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Top 7 Security Tips for Working from Home

Not too long ago Working from Home was considered a luxury or a privilege for those that got to enjoy it. Of those that were able to enjoy the privilege of working from home, it was typically a once or twice a week benefit. And while it feels like an eternity, this was the worked we lived (worked) in only a few short months ago.

COVID-19 has resulted in our governments suggesting that if we can work from home we should, or in some instances, must. This rapid scramble to have staff working from home was necessary to keep people and communities safe, however it has also presented a playground for nefarious hackers to exploit us from our home working environment, which is typically far less secure than the traditional corporate office.

Legacy management systems and processes typically don’t cater for managing and securing devices that are not on the corporate network, or don’t regularly “return” to the corporate environment. And while the acceleration of cloud adoption does present numerous innovation opportunities to accelerate your organisation’s pace and agility, if not managed correctly, it can also turn your security posture into veritable swiss cheese; ripe for the picking for the unscrupulous.

Therefore, if you’ve embraced Working from Home out of necessity to keep your business afloat and your people safe, it’s important to ensure you haven’t left the windows open at the same time.

Here’s 7 security recommendations to be considered while working from home.

Identity Protection

Evaluate your risk exposure. Microsoft have a great little tool called the Microsoft Attack Simulator. This can simulate an attack on your environment and highlight the potential risk. Furthermore, explore the “risky sign-in” within your environment.

Implement MFA

According to theregister-co-uk, 0.5% of Azure Active Directory accounts used by Office 365 are compromised every month. While that percentage might sound small, that’s approximately 1.2 Million accounts each and every month! The good news is that this is easily addressed. According to RSA, by activating Multi-Factor Authentication, 99.9% of attacks can be prevented.

Deploy the latest patches and updates when accessing your corporate data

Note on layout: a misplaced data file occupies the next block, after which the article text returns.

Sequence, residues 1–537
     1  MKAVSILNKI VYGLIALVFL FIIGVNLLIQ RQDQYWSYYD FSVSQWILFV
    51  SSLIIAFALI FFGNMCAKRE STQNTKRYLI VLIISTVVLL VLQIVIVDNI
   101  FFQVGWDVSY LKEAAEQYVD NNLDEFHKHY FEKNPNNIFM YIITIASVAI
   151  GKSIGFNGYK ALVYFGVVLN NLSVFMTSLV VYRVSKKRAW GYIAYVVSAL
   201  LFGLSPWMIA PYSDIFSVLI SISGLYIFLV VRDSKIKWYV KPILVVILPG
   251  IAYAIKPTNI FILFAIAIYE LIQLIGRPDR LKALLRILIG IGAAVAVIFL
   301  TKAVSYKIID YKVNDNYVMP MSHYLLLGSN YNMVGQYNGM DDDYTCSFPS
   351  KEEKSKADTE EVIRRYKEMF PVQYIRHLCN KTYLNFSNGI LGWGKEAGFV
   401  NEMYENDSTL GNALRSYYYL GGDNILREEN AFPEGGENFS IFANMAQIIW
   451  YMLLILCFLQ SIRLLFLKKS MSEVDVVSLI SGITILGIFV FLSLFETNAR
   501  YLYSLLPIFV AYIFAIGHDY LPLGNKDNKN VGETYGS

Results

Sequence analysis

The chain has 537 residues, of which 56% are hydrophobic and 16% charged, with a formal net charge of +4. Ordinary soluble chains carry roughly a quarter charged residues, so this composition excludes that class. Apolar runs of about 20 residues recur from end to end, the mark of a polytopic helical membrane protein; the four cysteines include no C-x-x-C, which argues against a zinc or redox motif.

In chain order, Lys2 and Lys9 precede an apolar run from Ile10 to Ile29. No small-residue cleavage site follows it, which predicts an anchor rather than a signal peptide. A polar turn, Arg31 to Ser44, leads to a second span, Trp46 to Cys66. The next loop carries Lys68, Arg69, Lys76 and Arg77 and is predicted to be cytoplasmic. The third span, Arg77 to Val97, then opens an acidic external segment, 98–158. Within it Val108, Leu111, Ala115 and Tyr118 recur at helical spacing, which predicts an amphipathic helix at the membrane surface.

Through the course of setting people up to work from home, there is a significant likelihood that you’ve created a blind spot in your security posture. If your staff are using their personal computers, how do you know those machines haven’t been compromised? If they’re using corporate devices, are those configured to rely upon an “Update Server” for patching and updates? If they’re not on the corporate network you may find they very quickly degrade from an acceptable corporate level of protection and patching, to an untrusted, insecure device.

With COVID-19 and it’s impacts on how we work here for the foreseeable future, it’s important that you take control of the devices within your organisation using a solution such as Microsoft Endpoint Manager. Additionally, if you have Mobile Devices or Apple Mac devices accessing corporate data, consider using Mobile Application Management to ensure your data is secure.


Passwords have become one of the least secure methods of protecting corporate data. Why? People typically use the same password, or a minor variation, for every account they access. Whether they’re accessing Facebook, Twitter, Gmail, their back account or your corporate environment chances are they’re using the same password across all services.

Super complex passwords are also not the answer as they generate high volumes of service desk tickets, user frustration, and worse engender the individual to write it down on a Post-It note.